Like I mentioned yesterday, I spent the day on Sunday getting certified as a PiYo instructor.
The training was in Green Bay, 2.5 hours away from home, and while we’d originally planned to turn the weekend into a mini family trip, we ended up scratching that idea at the last minute.
The tricky thing about traveling with toddlers is that toddlers need naps, and 11 AM check-out times mean that any one-night hotel stay is going to leave you on the street during prime naptime hours. So we’d have to book the hotel for two nights (Sat and Sun) just for the boys to have somewhere to go on Sunday afternoon, even though we’d be leaving right after my class got out at 3.
In the end, we decided the whole thing wasn’t worth the dough, especially since I’d be out of commission for half of it–and, plus, the weather wasn’t supposed to be that great–so I ended up going it alone.
Which is how I ended up with a 5:15 AM alarm and a 5-hour solo roadtrip.
It actually wasn’t as bad as it sounds, thanks to an iPod full of fresh podcasts and lots & lots of these:
So, let me tell you about the actual certification!
First of all, you might be wondering:
What is PiYo?
PiYo is a new Beachbody workout, created by my girl crush, Chalene Johnson.
We talked about how to describe it in class, and one of the best definitions was “it’s pilates and yoga…with an EDGE.”
It’s also referred to as “yoga for athletes,” since it’s way more up-beat and cardio-intensive than a regular yoga class. It’s designed to be high intensity, but low impact, so it’s kind to the body while also being outrageously effective. (Seriously, my quads are still protesting two days later.)
Strength is a huge component of PiYo, in addition to flexibility, but there are no weights. It’s 100% bodyweight work, which makes it super accessible and convenient.
And, of course, there’s the best part: the workouts are set to high-tempo pop music. It’s really hard to not get into it.
I think PiYo is the perfect workout for people who recognize the benefits of yoga and want to like it, but are zonked-out bored in traditional yoga classes. It’s also a great compromise workout for people who want to do more than “just stretch.”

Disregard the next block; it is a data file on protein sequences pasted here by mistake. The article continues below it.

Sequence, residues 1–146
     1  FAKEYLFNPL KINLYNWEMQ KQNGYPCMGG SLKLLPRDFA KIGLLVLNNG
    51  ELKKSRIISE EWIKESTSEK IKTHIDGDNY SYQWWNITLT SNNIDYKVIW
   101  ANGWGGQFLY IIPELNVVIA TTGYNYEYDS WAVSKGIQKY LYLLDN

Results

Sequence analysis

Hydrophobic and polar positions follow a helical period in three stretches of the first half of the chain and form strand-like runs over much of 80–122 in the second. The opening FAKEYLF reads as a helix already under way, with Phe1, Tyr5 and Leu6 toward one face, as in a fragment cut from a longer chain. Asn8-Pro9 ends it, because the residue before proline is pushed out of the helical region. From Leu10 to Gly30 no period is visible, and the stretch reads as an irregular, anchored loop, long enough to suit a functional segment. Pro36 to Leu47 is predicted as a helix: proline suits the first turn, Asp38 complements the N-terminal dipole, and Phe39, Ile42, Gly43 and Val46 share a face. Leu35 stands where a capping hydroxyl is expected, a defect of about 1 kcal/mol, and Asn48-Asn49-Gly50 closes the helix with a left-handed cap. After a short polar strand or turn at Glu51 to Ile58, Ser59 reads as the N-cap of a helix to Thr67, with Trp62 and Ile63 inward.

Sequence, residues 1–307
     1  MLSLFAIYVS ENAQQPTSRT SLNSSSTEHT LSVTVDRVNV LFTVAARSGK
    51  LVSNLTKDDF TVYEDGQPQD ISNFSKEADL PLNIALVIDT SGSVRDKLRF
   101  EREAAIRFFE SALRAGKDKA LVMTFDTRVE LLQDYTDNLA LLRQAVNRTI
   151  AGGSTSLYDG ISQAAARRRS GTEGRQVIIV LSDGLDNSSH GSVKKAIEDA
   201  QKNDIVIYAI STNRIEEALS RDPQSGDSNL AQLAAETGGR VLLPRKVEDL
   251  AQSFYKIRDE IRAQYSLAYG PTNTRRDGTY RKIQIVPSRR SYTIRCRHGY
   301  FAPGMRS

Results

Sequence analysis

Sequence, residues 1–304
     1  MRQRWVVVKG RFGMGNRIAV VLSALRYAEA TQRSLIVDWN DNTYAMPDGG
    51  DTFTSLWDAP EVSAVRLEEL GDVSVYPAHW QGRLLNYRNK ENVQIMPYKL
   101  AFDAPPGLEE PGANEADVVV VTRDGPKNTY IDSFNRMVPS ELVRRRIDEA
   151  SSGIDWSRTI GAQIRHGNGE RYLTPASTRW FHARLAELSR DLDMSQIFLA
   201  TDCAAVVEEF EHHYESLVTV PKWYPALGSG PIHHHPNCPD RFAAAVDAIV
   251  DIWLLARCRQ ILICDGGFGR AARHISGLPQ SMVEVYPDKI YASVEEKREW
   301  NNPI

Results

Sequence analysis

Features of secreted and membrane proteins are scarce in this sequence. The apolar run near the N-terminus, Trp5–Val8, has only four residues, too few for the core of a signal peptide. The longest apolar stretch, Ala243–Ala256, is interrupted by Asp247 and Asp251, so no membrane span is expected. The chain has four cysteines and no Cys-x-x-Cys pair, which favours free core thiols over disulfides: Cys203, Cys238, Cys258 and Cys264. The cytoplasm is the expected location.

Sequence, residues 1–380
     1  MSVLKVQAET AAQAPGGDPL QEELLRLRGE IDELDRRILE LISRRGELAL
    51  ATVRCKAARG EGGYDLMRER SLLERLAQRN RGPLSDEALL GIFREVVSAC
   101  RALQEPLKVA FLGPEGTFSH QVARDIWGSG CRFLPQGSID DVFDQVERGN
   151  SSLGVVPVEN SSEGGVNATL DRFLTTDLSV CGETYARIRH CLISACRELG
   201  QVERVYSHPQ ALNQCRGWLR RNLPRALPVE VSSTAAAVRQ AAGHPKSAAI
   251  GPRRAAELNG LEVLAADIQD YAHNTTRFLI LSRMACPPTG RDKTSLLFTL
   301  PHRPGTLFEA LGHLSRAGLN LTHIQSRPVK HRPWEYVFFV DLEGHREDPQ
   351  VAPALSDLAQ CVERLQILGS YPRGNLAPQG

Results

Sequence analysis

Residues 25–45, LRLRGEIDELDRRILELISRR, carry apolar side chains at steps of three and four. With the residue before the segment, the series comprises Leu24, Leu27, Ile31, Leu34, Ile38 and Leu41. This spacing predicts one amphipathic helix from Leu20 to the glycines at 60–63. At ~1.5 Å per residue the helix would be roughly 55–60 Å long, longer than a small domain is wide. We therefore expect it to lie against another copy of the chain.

There is nothing boring about PiYo, and while you’re definitely getting the flexibility benefits you expect from yoga, you’re also building strength and working on that powerhouse pilates core (hope you’re comfortable with planks!). Plus, since all the moves are full-body compound movements, you’re torching major calories.
I know I’m starting to sound like a Beachbody infomercial here, but I wouldn’t have pursued this as my first ever group exercise certification if I wasn’t totally in love with the format. It’s the perfect fit for me, since I decided that “yoga fit” was my soulmate workout. (Funny–that post in the same one where I first mentioned my goal of going after the PiYo cert!)
What was the training day like?
I would have loved to know more about what to expect from the day itself prior to Sunday, especially having never gotten a group exercise certification before, so let me give you a little rundown of what it looked like for us.
In our case, the entire class was held in a yoga studio on a college campus. We spent the day on our yoga mats, either sitting and listening or up doing PiYo moves.
The class was 6 hours long, and I was amazed how fast the time flew by!
Here’s a rough outline of the day:
9:00 – 9:45 – Intro to PiYo (history/future) and what it means to be a Beachbody instructor (+ how it works). We sat and listened to the instructor.
9:45 – 10:30 – Intro to PiYo moves (lots of traditional yoga poses–warriors, chair, down/up dog, chaturanga, triangle), with focus on proper form and correction cues. We were on our feet during this section, going through the moves as the instructor explained each one.